Other linguists working at MITRE agreed with much of Barbara's version of events. Arnold Zwicky added that it was 'colonels we had to impress, not generals' and that he also never heard Chomsky talk politics in his lectures. He also said:
I too was astonished to discover these attitudes (but then became an anti-Vietnam protestor). But it's part of Noam's intense, passionate belief that any position he comes to is the only possible one and that those who believe otherwise are deluded or even evil. (recall the Skinner review.)
Arnold also said:
Believe it or not, Noam really was a consultant. [He] came to MITRE several times to look at the English grammar Barbara Hall (Partee) and I and our group were working on.
When Noam visited, he got a visitor's badge, which committed him to be under the care of a staff member at all times (and stay within the appropriate clearance-color lines on the floor.) I remember this because on at least one of his visits I was the responsible person, and I had to accompany him to the men's room. 'At all times' was meant quite literally.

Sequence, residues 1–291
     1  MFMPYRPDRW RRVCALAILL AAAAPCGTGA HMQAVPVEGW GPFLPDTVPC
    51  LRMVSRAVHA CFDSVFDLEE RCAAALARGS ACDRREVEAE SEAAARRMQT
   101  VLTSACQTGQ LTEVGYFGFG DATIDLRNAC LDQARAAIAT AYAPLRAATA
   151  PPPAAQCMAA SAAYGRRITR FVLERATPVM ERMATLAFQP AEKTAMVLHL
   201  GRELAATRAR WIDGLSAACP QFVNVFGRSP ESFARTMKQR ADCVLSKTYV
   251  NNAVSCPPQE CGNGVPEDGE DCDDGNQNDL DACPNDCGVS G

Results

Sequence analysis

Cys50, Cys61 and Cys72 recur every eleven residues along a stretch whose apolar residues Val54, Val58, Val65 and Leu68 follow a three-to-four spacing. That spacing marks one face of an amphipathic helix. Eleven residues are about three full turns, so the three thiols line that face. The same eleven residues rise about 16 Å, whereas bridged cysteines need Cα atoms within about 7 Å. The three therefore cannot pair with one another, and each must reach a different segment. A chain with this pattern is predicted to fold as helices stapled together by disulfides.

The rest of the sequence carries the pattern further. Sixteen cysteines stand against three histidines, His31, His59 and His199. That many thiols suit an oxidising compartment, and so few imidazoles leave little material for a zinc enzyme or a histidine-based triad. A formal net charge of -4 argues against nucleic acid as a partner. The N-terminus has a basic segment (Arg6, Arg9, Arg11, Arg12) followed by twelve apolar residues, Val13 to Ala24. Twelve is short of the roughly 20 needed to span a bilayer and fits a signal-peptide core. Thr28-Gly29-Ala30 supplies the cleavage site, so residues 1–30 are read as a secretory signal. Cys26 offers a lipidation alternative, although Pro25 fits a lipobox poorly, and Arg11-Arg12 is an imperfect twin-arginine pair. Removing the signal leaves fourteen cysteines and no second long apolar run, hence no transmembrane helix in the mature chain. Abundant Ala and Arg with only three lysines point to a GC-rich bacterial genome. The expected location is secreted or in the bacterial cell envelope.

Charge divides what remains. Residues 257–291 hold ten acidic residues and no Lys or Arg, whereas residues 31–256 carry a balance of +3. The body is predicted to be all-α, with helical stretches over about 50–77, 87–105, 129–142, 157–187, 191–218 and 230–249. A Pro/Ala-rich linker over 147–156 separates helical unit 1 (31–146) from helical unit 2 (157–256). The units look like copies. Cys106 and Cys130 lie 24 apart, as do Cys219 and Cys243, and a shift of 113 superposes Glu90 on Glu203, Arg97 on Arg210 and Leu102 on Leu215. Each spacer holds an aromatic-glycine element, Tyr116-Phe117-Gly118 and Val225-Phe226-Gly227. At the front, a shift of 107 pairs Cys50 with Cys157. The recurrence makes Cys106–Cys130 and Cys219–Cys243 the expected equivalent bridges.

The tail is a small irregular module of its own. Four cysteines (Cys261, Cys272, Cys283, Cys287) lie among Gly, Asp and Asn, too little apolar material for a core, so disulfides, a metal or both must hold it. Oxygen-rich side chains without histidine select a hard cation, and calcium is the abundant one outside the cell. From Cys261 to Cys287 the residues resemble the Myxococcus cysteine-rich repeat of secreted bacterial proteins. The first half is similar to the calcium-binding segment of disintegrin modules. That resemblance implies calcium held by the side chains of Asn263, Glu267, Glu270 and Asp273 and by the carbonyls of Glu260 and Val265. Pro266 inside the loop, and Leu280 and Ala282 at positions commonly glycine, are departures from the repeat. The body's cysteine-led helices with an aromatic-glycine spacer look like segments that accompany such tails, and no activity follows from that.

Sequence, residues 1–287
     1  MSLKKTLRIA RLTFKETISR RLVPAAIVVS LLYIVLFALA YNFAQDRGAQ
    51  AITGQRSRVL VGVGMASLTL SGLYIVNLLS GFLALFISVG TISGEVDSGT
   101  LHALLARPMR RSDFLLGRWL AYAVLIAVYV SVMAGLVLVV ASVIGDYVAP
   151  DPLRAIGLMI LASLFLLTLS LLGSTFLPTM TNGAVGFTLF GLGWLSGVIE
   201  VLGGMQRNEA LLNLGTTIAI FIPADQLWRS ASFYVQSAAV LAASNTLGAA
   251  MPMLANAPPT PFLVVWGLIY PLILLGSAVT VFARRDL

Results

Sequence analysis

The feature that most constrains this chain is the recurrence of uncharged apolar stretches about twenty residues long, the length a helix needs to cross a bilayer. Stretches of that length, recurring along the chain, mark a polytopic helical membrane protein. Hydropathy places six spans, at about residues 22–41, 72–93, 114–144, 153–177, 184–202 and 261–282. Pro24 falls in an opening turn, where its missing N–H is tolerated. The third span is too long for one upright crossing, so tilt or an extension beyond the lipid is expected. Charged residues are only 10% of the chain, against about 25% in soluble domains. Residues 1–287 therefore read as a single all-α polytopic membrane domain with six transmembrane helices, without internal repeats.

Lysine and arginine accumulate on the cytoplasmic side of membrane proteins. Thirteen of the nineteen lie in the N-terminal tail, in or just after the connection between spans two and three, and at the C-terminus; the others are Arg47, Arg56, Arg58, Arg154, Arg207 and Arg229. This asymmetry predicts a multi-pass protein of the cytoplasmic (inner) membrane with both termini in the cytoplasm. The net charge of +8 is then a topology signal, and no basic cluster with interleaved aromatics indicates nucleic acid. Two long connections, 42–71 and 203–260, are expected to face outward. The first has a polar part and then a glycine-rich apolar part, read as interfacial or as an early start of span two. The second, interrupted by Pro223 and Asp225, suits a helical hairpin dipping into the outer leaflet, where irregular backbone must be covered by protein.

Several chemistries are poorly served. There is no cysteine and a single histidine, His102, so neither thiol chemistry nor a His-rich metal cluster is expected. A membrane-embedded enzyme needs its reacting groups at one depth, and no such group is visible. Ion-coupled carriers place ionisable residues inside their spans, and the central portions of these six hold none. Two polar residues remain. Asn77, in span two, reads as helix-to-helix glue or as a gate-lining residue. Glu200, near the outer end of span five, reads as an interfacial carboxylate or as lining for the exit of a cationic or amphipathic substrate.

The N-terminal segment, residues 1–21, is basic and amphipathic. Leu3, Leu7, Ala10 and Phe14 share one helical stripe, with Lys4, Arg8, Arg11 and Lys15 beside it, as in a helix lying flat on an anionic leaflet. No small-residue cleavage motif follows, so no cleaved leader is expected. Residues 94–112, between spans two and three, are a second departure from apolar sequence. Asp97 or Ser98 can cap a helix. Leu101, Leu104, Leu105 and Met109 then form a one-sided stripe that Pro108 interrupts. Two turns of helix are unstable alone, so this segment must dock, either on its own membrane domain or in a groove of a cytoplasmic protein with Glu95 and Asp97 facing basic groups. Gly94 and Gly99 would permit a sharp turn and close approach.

Another MITRE linguist, Haj Ross, said:
I knew nothing about Noam’s political thinking, till I finally arrived at MIT in January 1964. … [I] was allowed to stay on at MIT in the fall of 1964, as a regular student, I had made it into Valhalla. … I remember, after Jack Kennedy had been shot, arriving at MIT, and going to a course taught by Noam, on politics, perhaps, walking back from building 23 to building 20, and asking Noam what he thought of President Lyndon Johnson and the Great Society, which I was totally enamored of. I remember almost word for word what Noam said: he thought that Johnson’s administration was the largest collection of criminals that had ever infested the White House. I was speechless, I followed Noam’s course, became totally radicalized.